"We haven't had any help yet," said Anatoly Myalitsa, general director of Kharkiv's aircraft plant. "We are not competitors. We only want a tiny piece of your market in the far north, where our aircraft is very capable of making short takeoffs in the snow. Why would America, a big country, not want to help small Ukraine?"
In an interview last month [May] in Kiev, President Kuchma put on a pained expression when the subject of the Kharkiv Initiative came up. "I don't want to offer any comment on this," he said. "It hurts too much, and in fact, it is a strong point of criticism that I get from my opponents."
One Western businessman, who has observed Ukraine's painfully slow emergence as a state, tried to capture the mood here by saying, "Disillusionment is too strong a word, but disappointment may not be strong enough."
Any notion that Mr. Clinton might visit Kharkiv was overruled, Western diplomats say, by concerns that he might be jeered by unemployed workers from Turboatom, where the Iran contract was expected to provide 25 to 30 percent of the factory's total output over five years.
Ever since Russia signed a contract with Iran in 1995 to complete the Bushehr power station, abandoned by German constructors in 1979 with the onset of the Iranian revolution, the Clinton administration has opposed it and Congress has threatened sanctions against Russia. And for the last two years, Congress has reduced by half foreign aid payments to Russia's central government, specifically because of the refusal to abandon Bushehr.
United States intelligence agencies have long believed that Iran has a secret program to develop nuclear weapons, dating back even to the rule of Shah Mohammed Riza Pahlevi, which ended with the 1979 revolution. Just the idea that Iran wanted to generate electricity with nuclear power instead of using its abundant oil and gas resources was suspicious, and still is for many experts.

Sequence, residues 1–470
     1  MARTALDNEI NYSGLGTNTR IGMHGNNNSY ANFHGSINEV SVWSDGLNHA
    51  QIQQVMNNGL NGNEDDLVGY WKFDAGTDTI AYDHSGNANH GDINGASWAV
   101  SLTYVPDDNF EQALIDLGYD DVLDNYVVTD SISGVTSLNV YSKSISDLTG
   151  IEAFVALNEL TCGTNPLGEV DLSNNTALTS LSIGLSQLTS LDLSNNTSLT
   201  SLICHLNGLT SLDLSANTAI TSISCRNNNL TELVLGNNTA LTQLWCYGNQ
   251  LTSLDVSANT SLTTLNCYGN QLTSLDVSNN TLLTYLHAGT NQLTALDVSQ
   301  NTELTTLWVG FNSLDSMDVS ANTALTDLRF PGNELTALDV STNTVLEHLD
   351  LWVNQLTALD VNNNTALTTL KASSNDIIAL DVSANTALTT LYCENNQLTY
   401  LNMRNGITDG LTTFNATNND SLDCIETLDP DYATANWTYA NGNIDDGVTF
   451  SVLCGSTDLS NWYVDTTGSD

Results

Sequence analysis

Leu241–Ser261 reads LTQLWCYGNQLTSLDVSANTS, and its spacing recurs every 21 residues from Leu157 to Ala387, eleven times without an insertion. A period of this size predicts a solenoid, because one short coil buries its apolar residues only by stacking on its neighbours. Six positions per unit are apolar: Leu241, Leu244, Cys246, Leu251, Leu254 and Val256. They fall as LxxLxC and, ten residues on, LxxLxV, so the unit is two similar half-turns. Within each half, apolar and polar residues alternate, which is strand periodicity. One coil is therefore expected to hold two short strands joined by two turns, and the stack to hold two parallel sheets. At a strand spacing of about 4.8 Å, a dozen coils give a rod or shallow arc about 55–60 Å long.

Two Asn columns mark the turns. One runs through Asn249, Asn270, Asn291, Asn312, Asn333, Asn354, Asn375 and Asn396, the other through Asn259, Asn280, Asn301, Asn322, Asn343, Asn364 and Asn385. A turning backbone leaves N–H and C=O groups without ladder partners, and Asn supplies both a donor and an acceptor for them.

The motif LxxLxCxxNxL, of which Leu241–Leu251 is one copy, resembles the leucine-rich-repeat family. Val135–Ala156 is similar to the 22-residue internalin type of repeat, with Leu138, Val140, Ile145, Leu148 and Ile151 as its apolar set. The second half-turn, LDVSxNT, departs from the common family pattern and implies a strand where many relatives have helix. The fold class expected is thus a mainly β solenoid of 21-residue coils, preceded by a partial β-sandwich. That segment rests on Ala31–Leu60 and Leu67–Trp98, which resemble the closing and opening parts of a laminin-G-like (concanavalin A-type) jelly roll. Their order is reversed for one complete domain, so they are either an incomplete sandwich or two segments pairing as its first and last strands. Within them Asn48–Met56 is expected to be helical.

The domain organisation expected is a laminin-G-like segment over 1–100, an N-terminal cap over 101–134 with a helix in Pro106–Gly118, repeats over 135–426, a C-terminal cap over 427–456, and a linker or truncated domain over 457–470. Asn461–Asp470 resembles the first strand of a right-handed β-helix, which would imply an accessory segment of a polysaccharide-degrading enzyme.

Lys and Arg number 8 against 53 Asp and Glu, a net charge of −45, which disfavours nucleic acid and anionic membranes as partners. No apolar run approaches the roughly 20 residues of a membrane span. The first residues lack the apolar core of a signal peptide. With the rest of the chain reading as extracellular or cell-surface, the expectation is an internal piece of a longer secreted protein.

American officials do not regard the Bushehr project as a source of nuclear material that could be diverted to an illicit bomb-making program. But the administration has taken the view that the Bushehr project will train an entire generation of Iranian physicists and engineers in nuclear technologies, and thus enhance Iran's scientific base, including any program to develop nuclear weapons. Israel, whose leaders also see their security threatened by Iran's nuclear program, joined in the diplomatic offensive to kill the project, but to no avail.
Russian and Iranian officials point out that Iran has placed the Bushehr plant under the rigid safeguards and inspection regime of the International Atomic Energy Agency.
In the last five years, when Boris N. Yeltsin was president of Russia, Dr. Albright and Vice President Al Gore undertook a number of missions to try to persuade him to cancel the Bushehr contract. But Mr. Yeltsin would not relent, promising instead not to expand Russia's nuclear cooperation with Iran beyond Bushehr, where as many as four reactor and turbine units are planned.
The project has suffered some setbacks. The original contract envisioned a four-and-a-half-year construction schedule. But Iranian construction companies were not able to repair the German foundation work — bombed during the Iran-Iraq war of 1980-88 — in accordance with Russian specifications. Under a revised contract, Russia's Ministry of Atomic Energy has assumed overall management of the project.
"Bushehr is a very interesting and profitable contract for us," said Mr. Nigmatulin, the Russian atomic energy official. "And at the same time it is helping us to restore our industrial capacity."
Having failed to persuade Russia to pull out of Bushehr, Mr. Clinton's senior national security advisers in late 1997 began a campaign to force Ukraine out of the deal. Ukraine's ambassador to Washington at the time, Yuri Shcherbak, was told that the administration would prevent Ukraine from purchasing fuel for its aging nuclear reactors from American companies unless Turboatom gave up the Iran project.
There were carrots as well sticks, the Kharkiv Initiative among the carrots, along with promises of Ukrainian participation in space exploration.
But Turboatom's departure has brought little cheer to Ukraine's industries, which still have connections with Russia's industrial structure. And as a consequence of Turboatom's withdrawal, it seems less likely that Ukraine will be invited to take part in Russian projects to build nuclear power stations in China and India.
"Kharkiv lost a very good order, and that is a shame," said Mr. Nigmatulin, the Russian official. "An order like this represents the revival of the turbine business."
But not for Ukraine.